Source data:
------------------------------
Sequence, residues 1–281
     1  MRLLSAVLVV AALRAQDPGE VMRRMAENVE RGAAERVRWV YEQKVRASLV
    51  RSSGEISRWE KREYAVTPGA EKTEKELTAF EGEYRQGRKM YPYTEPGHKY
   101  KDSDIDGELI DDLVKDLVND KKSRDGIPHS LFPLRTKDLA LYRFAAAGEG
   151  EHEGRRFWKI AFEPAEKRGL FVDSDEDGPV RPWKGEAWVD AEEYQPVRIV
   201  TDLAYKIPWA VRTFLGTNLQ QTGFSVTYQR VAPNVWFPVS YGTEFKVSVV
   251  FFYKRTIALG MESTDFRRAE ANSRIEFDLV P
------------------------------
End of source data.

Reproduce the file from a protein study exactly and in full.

Sequence, residues 1–281
     1  MRLLSAVLVV AALRAQDPGE VMRRMAENVE RGAAERVRWV YEQKVRASLV
    51  RSSGEISRWE KREYAVTPGA EKTEKELTAF EGEYRQGRKM YPYTEPGHKY
   101  KDSDIDGELI DDLVKDLVND KKSRDGIPHS LFPLRTKDLA LYRFAAAGEG
   151  EHEGRRFWKI AFEPAEKRGL FVDSDEDGPV RPWKGEAWVD AEEYQPVRIV
   201  TDLAYKIPWA VRTFLGTNLQ QTGFSVTYQR VAPNVWFPVS YGTEFKVSVV
   251  FFYKRTIALG MESTDFRRAE ANSRIEFDLV P